Borrowed from Dr. Kelly Starrett, I say to my hitters “screw the back ankle into the foot”.  I also advise them to point the back toe slightly inward towards the pitcher at setup, and to keep it there while screwing the ankle in.  The keyword is slight, not a lot.

Take a look at this video of Jose Bautista fouling a ball off, and watch how he ‘bows’ his back knee in, but at about the 0:06 second mark (when he begins his fall forward), the back knee starts to shift back towards the catcher…his back hip and thigh bone are searching for stability after being put in an unstable internally rotated (knee valgus) position at setup:

Now, CLICK HERE to watch this video clip of Ted Williams, and keep an eye on the back knee action between the 0:06-0:15 video mark.  Sorry, this YouTuber disabled the embed code so I couldn’t embed the video here.

What did arguably one of the best hitters of all time do with his back knee prior to Forward Momentum.  Boy, didn’t it shift back over the ankle?!

How about this homerun hit by Asdrubal Cabrera (watch the slow motion chest view at the 0:41 second mark)…

One more video…

Check out Matt Kemp.  As you can see, he starts with his back knee inside his foot, then watch for his back knee action prior to Forward Momentum:

Now, is this making baseball hitting drills for youth more complicated, like Mr. @13tys said?

Heck no!  It takes about 5 to 10-mins to explain to my 7-year-old hitters, and they begin applying it in their swings.  Easy peasy.

So after looking at all this, here’s the point of my baseball hitting drills for youth rant…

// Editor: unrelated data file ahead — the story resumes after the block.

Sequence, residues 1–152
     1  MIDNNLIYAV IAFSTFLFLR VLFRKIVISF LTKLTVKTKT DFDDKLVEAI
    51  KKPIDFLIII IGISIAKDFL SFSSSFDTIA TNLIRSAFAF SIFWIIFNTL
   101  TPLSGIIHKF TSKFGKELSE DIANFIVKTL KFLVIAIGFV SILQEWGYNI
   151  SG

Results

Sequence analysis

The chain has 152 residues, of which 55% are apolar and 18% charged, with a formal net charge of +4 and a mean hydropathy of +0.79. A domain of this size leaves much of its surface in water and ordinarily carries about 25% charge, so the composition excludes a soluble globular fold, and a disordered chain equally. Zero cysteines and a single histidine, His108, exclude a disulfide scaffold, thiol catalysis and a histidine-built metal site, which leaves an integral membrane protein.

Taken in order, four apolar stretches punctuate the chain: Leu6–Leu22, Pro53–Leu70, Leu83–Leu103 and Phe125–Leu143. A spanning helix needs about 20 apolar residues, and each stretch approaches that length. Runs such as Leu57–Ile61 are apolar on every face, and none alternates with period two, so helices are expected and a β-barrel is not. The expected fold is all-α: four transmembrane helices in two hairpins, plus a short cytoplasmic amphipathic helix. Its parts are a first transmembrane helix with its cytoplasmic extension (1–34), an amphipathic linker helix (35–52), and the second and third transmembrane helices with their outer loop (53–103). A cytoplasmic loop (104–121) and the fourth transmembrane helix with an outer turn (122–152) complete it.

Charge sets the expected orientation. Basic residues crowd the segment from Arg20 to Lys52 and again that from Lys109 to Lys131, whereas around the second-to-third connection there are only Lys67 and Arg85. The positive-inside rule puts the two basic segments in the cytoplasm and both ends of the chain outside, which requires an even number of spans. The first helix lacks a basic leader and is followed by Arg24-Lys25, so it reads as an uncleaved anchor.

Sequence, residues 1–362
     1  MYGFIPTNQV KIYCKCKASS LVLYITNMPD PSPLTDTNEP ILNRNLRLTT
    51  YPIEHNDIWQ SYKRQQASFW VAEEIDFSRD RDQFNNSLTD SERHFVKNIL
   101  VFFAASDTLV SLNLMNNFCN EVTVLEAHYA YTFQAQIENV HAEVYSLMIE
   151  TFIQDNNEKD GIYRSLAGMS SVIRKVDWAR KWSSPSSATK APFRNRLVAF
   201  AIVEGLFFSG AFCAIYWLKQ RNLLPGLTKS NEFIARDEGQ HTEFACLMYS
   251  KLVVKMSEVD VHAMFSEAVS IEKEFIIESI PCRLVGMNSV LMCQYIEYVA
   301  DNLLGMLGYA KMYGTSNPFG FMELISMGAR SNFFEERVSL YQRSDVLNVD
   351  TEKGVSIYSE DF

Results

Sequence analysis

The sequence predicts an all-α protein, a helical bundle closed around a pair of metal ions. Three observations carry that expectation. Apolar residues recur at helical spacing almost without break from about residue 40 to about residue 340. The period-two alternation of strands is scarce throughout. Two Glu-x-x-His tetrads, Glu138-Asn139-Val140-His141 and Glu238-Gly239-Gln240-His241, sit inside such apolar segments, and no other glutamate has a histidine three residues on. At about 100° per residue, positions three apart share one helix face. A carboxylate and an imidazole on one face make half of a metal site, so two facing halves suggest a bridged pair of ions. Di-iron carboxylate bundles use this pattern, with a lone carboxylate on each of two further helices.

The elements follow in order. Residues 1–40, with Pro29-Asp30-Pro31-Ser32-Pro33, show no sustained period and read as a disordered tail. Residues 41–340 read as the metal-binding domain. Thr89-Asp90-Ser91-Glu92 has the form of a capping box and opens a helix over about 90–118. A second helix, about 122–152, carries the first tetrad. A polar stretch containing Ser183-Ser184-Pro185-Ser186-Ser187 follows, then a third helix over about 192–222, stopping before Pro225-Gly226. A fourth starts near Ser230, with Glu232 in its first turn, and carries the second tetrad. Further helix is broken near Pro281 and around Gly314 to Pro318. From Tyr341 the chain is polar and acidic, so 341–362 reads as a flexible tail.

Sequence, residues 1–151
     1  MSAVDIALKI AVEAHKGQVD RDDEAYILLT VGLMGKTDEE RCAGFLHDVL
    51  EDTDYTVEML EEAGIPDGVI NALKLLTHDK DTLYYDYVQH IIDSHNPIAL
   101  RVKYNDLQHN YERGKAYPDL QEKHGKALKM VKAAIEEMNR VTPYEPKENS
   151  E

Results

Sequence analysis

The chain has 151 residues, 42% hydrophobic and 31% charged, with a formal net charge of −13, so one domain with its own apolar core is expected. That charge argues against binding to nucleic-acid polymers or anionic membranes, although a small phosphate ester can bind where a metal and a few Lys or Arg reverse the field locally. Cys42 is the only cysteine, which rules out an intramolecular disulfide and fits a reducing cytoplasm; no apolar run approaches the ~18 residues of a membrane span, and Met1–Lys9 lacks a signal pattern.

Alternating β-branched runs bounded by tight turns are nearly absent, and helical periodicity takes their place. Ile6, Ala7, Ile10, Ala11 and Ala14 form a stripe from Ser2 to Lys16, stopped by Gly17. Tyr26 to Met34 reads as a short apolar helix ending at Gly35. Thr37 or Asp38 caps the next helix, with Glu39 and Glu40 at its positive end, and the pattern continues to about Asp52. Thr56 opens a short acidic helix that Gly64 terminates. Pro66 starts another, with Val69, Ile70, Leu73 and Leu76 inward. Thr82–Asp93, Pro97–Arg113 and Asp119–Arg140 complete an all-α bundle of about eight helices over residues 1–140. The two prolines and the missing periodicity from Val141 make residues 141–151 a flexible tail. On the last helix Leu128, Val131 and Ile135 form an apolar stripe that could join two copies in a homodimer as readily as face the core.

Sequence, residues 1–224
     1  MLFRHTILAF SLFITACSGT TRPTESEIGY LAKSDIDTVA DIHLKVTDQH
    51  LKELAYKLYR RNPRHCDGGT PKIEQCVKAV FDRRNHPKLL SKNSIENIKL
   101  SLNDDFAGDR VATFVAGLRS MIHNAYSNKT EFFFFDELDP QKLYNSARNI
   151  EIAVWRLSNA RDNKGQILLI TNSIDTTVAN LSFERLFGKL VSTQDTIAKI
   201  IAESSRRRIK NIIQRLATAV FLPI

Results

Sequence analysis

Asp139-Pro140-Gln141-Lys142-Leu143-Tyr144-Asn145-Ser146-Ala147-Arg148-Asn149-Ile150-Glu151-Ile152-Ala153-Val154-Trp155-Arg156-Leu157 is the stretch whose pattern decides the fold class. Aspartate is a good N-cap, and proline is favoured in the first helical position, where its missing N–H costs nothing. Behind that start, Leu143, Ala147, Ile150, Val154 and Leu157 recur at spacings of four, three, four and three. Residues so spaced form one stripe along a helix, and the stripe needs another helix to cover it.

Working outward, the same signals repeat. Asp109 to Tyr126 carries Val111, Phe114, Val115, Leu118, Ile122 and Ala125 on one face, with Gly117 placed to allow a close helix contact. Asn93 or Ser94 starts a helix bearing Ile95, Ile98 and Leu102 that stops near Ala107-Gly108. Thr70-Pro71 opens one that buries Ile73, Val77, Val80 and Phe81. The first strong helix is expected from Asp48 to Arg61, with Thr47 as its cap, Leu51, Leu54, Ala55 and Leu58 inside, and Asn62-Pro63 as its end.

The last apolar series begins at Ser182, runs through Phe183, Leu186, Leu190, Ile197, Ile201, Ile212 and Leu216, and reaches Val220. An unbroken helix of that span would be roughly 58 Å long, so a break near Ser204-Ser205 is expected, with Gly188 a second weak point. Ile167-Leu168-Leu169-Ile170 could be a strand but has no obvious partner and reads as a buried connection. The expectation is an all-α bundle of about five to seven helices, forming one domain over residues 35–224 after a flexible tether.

Don’t get caught up drinking the cool-aid of other hitting experts, blowhards, or “That Guy” without questioning what they’re saying.  Remember, we aren’t just observers.  We’re amateur scientists in a way.

I don’t claim to know it all.  And am still learning.  But I know for a fact, I’m on a better road than “That Guy”.

Look, I don’t mind being challenged, but if you don’t back up what you’re saying with human movement principles, that are validated by science, then you’ll lose.  We aren’t debating baseball hitting drills for youth philosophies or theories…we analyze through the lens of validated science.  Physics, Engineering, Bodywork, Biology, Chemistry, and Biomechanics.

I DO NOT care what level you played or coached at.

I DO NOT care if you’ve digested a million hours of slow motion video footage of only the BEST hitters.

I also DO NOT care if you’ve logged more hitting lesson hours than it takes to fly to Mars!!

If you don’t understand the human movement “rules”, then you DO NOT understand high level hitting, or better yet, high level human performance.